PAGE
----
We had 24 hours of intense conversation and experience of family separation and impending reunion, in several formats this weekend.
Friday night, my wife and I went to see One Way: A Tuareg Journey, a very thoughtful documentary about a Tuareg family from Niger that immigrates to Northern Italy, where the father works at an electronics assembly plant. The father left first, in the hopes of earning some money for his family. A year or two later, he sent for his wife and two older children, who quickly adapt to life in Italy, thriving in Italian and soaking up knowledge and culture.
For about three years, the family is separated from the youngest son, who did not have a birth certificate or some other identity document and was not able to join the family in Italy. (In a particularly compelling scene, the boy takes a piece of scrap paper and fills it with geometric shapes, calling it his papers.) Filmmaker Fabio Caramaschi captured the intense reunion of father and young son in the desert, when the softening, westernizing father returns to collect his Tuareg son, who was left with grandpa to work the camel train and survive in the harsh Saharan climate. The son, al-Kassoum, is a brilliant 6-year-old upon his arrival in Italy, and is able to reflect on the stark cultural differences and opine that he’d rather return to Niger, to the desert.
On Saturday, we went to a birthday party for 1-year-old Sara, whose parents, Veronica and Juan, will appear in Amor and Exile. Sara has never met her father because he is in Mexico and barred from returning to the United States for a long time. Juan called from Mexico while we were at the house and spent a long time on the phone with his brother, his nieces and singing Happy Birthday to his baby. While he was emotional about missing the pink cake and kid games (as was I), Juan and Veronica are planning to reunite in Mexico before year’s end and their excitement was palpable.
Then we rushed home to meet another friend, a man from the Congo who had a kind of life changing experience this past week that is nearly unimaginable to me. I am just going to give the rough outlines here, because I think he is going to be telling his own story soon, but on Friday, Benjamin located his wife and two daughters in Kampala, Uganda after 14 years of searching. They spoke on the phone—well hardly spoke, they mostly cried on the phone, both in a state of shock. Benjamin lived in a refugee camp in Zambia after fleeing the Congo in 1997 and recently resettled in Boise. He had spoken to my wife, who works for a refugee organization here, about being unsure when to admit that he would never see his family again. And then, all of a sudden, some newly resettled Congolese refugees in Ohio got to talking and connected the dots between Benjamin in Idaho and his wife and kids in Uganda and all of a sudden they were on the phone, talking to one another again. Now he is trying to figure out how to meet them, again.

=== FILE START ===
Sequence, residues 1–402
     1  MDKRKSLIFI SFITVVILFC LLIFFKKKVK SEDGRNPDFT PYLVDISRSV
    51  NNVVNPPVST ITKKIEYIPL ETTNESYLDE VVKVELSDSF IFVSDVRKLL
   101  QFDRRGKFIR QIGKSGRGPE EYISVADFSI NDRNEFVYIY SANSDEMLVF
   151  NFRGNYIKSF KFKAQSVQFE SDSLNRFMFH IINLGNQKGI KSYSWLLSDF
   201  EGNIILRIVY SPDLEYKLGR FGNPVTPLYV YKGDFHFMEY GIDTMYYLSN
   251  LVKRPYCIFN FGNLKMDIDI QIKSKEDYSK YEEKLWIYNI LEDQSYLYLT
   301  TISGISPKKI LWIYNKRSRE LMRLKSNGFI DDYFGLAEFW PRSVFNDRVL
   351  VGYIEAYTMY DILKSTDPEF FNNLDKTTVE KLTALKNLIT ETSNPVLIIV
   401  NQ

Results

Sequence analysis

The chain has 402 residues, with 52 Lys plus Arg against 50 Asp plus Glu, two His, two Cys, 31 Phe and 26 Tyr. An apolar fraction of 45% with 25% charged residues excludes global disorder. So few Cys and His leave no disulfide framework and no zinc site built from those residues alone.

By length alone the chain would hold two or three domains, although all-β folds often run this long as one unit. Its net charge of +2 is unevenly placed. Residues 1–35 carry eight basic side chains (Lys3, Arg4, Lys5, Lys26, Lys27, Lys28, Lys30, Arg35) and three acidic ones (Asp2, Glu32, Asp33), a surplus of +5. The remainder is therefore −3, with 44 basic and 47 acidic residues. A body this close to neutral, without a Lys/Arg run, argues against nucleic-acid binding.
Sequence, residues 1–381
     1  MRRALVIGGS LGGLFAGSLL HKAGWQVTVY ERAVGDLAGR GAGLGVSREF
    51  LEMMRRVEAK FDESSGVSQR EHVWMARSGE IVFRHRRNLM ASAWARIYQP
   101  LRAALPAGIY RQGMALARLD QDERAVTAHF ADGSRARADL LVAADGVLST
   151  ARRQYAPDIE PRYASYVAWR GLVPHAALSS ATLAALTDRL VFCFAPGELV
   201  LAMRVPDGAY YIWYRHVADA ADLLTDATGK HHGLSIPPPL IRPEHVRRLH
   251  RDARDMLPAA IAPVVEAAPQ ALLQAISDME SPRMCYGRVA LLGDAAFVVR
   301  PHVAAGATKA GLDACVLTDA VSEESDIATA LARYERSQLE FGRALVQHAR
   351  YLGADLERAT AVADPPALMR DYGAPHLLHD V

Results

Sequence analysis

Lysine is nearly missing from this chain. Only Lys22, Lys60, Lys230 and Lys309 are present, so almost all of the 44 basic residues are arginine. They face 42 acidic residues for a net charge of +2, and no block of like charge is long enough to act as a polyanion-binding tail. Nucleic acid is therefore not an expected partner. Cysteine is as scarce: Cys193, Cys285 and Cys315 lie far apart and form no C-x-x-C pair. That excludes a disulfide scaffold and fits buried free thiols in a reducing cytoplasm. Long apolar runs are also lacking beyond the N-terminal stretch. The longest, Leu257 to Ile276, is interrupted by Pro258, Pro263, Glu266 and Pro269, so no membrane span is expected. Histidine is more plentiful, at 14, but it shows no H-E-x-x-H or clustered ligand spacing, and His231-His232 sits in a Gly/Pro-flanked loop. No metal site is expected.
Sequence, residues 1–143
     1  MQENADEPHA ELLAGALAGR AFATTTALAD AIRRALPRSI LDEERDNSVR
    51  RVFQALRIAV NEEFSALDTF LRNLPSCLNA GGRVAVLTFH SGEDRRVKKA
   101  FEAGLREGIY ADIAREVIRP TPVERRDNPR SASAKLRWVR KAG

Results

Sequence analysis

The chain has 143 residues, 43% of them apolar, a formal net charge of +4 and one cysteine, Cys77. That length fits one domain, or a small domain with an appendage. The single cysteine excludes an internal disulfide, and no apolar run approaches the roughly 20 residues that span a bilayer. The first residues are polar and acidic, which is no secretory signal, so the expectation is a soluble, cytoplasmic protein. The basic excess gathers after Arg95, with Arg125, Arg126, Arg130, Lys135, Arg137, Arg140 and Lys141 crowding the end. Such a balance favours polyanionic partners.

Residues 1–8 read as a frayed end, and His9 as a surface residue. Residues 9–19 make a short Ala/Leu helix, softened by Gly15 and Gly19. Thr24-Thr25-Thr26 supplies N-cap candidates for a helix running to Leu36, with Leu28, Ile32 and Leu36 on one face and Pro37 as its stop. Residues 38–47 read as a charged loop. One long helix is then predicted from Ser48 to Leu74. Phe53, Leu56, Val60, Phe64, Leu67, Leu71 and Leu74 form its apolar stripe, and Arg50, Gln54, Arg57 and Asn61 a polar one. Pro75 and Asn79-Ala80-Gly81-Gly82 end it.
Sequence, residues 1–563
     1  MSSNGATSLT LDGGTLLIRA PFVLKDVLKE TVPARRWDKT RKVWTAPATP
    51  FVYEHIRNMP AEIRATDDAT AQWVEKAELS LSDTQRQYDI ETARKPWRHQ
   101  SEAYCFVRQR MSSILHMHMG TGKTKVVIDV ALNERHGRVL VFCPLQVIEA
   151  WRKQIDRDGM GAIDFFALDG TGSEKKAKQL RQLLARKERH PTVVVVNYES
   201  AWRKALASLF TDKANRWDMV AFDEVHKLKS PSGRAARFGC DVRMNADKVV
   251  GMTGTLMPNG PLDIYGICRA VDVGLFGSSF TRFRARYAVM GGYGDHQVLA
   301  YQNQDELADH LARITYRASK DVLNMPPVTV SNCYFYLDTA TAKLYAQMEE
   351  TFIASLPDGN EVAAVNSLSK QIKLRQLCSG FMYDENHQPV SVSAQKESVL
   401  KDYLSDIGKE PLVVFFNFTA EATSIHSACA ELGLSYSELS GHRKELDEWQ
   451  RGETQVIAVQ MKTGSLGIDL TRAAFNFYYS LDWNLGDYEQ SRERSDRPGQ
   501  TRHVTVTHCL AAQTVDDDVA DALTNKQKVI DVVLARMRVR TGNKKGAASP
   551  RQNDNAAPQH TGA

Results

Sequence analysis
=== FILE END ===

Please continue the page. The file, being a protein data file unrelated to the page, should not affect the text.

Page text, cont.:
These disparate, yet related stories of family separation—whether through government policy, economics, war or some combination of the three—are all connected in my mind. And they serve as a reminder that the conservative talking point of “Family Values” is perhaps a good starting point, or re-starting point, for a national discussion on migration policy. The stories I have been reporting for the past year and a half all make that point and my discussions this weekend make the same point on a global scale: in a world of globalized culture and markets, the family is still a basic unit that requires some basic protections.
While brushing my 6-year-old’s teeth last night I was careful to avoid the two, extremely loose front chompers. She asked me if kids in the Congo lose their teeth because Benjamin had been quite impressed with the way she pushed them out with her tongue. I choked up a bit explaining that he missed his own daughters’ tooth-losing period. But I am confident that he will soon find a way to reunite with his now-teenage daughters and that Juan will soon get to meet his baby and that Sidi’s family’s one-way trip will not rob them of the essential wisdom of the desert.